James Mangold’s Ford v Ferrari Focuses on Cars, Character and Conflict

Director James Mangold attends the L.A. premiere of his film ‘Ford v Ferrari.’ | Photo: Eric Charbonneau

The critically acclaimed biopic Ford v Ferrari, directed by CalArts alum James Mangold (Film/Video BFA 85), won the box office last weekend (Nov. 15-17), earning $64.2 million worldwide in its first week.

Based on the true story of the legendary American car designer Carroll Shelby (Matt Damon) and his tempestuous relationship with the British-born driving expert Ken Miles (Christian Bale), the nearly 2.5-hour film follows Shelby and Miles as together they build a game-changing race car for Henry Ford II’s Ford Motor Company. In 1966, their car takes on the giant of the racing industry — Enzo Ferrari — at the 24 Hours of Le Mans race in France. (Unlike other motorsport racing events like the Indianapolis 500, the winner of Le Mans isn’t determined by fastest time: The winning car covers the greatest distance in 24 hours.)

The story takes place all over the world — from France’s Loire Valley to Dearborn, Mich., and Maranello, Italy, homes of Ford and Ferrari’s motor companies, respectively — but Mangold and the film’s production designer François Audouy painstakingly recreated all those key sites around Southern California, including the Agua Dulce Airpark in the Santa Clarita Valley (approximately 25 miles from CalArts’ campus).

Although much of the buzz around Ford v Ferrari has focused on the classic cars, racing and the attention to detail, first and foremost, for Mangold, it’s about the people and their stories. It always has been. As a 2013 guest artist in CalArts’ Film Directing Program, the director of Walk the Line, The Wolverine and Logan talked to students about the importance of communications, storytelling and avoiding the cliches in biopics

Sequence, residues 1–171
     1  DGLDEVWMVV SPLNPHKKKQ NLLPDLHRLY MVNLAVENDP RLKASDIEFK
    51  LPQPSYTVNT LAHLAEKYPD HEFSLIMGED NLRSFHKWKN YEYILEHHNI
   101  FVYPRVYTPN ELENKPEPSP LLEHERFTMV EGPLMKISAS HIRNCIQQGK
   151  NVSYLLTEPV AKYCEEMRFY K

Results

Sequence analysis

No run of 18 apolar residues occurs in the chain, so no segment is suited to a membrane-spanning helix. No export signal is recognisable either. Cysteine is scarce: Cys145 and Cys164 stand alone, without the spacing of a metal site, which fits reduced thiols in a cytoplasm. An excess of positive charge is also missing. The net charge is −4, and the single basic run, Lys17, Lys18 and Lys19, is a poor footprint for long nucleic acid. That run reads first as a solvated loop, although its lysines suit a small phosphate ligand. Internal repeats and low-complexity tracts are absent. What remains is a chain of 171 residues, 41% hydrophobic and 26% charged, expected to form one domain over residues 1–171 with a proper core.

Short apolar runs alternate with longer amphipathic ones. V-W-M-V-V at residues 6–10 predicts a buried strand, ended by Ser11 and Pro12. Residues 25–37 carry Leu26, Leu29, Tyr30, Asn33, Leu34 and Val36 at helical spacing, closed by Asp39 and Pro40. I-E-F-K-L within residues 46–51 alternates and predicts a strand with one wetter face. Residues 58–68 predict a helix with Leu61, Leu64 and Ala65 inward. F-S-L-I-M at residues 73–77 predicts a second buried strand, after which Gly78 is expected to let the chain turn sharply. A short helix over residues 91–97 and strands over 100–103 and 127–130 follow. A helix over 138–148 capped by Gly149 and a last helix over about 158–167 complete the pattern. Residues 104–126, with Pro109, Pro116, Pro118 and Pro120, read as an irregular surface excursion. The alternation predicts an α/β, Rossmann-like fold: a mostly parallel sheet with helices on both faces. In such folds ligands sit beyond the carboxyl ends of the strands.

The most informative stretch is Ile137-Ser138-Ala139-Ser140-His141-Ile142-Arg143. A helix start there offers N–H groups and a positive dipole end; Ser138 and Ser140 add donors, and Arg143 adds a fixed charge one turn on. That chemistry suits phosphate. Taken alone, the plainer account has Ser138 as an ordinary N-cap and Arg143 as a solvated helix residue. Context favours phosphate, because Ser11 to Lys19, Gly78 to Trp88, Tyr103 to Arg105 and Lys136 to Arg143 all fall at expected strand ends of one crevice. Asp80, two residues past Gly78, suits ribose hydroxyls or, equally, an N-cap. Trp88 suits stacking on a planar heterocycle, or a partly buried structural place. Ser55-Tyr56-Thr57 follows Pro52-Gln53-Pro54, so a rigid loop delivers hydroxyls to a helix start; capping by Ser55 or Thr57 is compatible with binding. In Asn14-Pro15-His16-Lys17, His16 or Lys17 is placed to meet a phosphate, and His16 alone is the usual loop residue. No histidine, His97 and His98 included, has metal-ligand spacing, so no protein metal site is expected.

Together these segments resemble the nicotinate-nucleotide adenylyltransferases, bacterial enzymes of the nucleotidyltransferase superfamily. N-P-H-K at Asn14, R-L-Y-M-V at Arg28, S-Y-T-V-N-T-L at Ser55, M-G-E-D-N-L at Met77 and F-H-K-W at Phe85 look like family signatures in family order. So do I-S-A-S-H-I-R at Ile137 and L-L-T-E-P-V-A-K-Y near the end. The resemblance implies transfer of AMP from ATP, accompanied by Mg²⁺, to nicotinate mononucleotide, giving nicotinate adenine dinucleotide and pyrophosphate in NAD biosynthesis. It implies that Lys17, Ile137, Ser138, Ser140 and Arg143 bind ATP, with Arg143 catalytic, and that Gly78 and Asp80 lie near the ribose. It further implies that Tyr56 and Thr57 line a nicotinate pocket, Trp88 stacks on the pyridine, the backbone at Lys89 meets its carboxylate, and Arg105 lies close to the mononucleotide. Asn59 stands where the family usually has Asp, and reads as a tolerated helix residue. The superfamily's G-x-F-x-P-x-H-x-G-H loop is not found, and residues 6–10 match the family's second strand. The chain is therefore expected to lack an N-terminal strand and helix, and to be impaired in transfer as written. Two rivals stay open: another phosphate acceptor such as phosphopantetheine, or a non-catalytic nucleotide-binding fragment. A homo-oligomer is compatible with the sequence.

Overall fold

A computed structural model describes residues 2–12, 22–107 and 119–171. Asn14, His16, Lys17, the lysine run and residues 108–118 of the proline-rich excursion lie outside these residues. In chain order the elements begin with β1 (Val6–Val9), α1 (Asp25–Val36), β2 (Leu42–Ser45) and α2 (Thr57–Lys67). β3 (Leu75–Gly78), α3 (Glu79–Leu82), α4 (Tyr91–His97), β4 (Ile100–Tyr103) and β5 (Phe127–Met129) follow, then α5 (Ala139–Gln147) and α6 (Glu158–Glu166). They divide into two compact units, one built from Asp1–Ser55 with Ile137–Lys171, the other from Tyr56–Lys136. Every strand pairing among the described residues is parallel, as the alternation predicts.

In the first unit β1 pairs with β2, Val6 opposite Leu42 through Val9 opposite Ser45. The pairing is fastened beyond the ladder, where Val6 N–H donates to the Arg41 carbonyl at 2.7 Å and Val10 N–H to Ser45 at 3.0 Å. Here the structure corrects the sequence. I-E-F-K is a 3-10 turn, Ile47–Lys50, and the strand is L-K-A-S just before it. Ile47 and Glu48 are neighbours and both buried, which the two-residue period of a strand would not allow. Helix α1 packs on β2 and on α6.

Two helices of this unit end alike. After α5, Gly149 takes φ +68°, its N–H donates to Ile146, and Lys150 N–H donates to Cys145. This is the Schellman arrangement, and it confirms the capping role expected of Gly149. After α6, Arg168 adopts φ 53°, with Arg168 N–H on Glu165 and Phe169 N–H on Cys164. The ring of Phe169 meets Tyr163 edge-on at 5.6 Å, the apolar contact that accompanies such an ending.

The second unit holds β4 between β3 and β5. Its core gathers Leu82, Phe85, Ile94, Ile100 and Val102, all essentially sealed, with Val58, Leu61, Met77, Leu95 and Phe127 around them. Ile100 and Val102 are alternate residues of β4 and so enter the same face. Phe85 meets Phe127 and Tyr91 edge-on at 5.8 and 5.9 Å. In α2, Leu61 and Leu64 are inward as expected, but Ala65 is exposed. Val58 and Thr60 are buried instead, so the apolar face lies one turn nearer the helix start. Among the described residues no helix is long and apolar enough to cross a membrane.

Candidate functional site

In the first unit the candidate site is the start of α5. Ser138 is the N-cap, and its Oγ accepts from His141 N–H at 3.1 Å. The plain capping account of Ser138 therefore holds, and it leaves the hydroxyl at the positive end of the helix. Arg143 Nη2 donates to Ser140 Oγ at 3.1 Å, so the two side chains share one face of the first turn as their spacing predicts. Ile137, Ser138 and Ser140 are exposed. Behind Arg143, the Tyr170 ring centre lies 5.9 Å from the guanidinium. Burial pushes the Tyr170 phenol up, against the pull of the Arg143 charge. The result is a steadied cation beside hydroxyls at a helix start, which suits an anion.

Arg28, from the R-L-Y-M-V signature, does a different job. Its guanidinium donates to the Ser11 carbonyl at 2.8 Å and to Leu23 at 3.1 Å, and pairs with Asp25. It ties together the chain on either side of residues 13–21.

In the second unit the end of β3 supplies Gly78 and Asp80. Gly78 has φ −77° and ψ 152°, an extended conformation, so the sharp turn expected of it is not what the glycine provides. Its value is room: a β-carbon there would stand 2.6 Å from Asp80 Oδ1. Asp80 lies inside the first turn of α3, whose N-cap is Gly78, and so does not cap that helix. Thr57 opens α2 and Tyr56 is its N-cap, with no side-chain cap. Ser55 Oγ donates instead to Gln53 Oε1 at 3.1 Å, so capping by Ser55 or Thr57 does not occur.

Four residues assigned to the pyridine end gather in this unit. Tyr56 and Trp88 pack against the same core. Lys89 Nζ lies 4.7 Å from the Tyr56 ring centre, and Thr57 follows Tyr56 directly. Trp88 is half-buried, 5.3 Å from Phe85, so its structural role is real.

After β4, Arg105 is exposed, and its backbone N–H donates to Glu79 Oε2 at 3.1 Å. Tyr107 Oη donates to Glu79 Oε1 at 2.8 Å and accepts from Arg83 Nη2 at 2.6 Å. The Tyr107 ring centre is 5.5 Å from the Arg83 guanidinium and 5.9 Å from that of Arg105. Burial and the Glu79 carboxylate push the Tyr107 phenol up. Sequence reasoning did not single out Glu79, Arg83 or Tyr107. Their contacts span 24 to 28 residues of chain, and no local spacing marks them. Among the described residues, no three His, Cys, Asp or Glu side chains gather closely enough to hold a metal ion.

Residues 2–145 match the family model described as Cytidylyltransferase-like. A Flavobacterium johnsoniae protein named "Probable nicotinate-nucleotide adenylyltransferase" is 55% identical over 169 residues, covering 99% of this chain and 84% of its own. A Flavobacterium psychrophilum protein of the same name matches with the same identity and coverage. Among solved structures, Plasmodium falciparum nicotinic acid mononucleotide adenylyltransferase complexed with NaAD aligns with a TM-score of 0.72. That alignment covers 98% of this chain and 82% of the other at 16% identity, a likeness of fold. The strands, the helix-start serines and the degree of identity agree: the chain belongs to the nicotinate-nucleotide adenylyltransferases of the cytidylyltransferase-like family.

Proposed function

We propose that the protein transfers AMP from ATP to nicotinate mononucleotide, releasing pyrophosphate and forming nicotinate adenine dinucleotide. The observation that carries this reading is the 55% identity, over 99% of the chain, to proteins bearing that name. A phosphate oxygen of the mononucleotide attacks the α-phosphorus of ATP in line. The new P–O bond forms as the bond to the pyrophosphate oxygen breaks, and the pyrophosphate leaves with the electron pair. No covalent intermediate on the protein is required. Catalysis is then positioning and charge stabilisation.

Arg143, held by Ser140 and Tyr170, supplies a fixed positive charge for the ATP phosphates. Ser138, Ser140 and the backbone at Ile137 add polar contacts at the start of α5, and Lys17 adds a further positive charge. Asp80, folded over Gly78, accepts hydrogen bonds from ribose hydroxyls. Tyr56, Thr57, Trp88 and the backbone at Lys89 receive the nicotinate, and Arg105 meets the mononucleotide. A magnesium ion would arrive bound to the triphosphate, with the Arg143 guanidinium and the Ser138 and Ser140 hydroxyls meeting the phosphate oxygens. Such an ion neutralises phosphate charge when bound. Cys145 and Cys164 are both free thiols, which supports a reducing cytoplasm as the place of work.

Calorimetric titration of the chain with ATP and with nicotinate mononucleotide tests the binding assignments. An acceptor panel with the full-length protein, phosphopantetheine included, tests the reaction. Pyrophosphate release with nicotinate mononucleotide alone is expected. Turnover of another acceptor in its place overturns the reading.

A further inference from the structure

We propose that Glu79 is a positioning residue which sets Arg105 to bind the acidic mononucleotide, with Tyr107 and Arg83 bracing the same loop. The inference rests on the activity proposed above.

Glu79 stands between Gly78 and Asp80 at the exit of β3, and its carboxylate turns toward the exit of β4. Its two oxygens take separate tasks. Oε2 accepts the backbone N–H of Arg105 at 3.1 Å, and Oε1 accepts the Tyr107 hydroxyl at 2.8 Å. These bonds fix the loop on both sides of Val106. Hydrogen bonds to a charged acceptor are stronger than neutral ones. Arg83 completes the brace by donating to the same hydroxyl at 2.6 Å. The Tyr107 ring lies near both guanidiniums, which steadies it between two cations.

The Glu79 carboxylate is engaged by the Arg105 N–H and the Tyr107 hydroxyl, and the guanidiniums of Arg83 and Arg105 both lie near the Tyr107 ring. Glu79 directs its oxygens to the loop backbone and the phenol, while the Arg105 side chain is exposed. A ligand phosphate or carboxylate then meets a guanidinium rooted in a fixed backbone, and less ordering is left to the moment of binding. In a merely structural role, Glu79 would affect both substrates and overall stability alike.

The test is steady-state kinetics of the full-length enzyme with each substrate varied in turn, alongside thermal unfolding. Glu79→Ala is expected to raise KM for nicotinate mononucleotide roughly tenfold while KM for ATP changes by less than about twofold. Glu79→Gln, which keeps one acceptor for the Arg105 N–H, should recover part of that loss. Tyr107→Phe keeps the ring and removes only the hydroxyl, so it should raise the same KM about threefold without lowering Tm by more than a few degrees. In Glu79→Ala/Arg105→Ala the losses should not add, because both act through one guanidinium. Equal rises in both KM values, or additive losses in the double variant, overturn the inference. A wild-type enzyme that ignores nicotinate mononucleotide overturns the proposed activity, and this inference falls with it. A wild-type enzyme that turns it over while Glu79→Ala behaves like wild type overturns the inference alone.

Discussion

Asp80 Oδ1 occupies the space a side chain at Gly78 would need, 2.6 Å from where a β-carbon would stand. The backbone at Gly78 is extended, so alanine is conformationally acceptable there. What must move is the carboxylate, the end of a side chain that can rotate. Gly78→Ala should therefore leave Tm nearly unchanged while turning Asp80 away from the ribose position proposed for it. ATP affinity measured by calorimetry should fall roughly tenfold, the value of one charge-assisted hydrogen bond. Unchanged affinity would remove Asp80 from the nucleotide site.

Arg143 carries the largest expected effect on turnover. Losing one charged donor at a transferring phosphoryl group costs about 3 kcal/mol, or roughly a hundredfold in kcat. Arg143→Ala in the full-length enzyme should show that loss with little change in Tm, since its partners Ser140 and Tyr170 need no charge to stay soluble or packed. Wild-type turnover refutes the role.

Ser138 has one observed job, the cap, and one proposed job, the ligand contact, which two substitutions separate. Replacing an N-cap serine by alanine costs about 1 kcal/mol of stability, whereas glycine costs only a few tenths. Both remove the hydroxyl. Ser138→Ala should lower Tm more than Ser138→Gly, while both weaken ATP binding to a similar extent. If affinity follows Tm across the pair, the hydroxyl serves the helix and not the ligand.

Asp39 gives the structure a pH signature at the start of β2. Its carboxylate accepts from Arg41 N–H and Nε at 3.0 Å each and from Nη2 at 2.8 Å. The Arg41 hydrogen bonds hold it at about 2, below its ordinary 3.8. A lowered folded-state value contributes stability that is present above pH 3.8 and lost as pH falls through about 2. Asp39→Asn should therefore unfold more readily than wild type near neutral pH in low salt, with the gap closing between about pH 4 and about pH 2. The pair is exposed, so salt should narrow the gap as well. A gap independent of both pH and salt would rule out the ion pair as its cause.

As the Los Angeles Times film critic Kenneth Turan affirms in his Ford v Ferrari review:

Finally, however, this is not a story about cars, or even about racing, but about character, conflict and fate. If proof be needed, look closely at the thank yous in the final credits and you will see the name of the late Alexander Mackendrick.

One of the great figures of moviemaking, the director of such rich, emotional films as “The Man in the White Suit,” “The Ladykillers” and “Sweet Smell of Success,” Mackendrick was Mangold’s teacher and mentor at CalArts. With “Ford v Ferrari,” Mangold has surely made a film that would make the old man proud.

Watch: James Mangold featured in We Are CalArts: How CalArts Transformed 10 Alumni.

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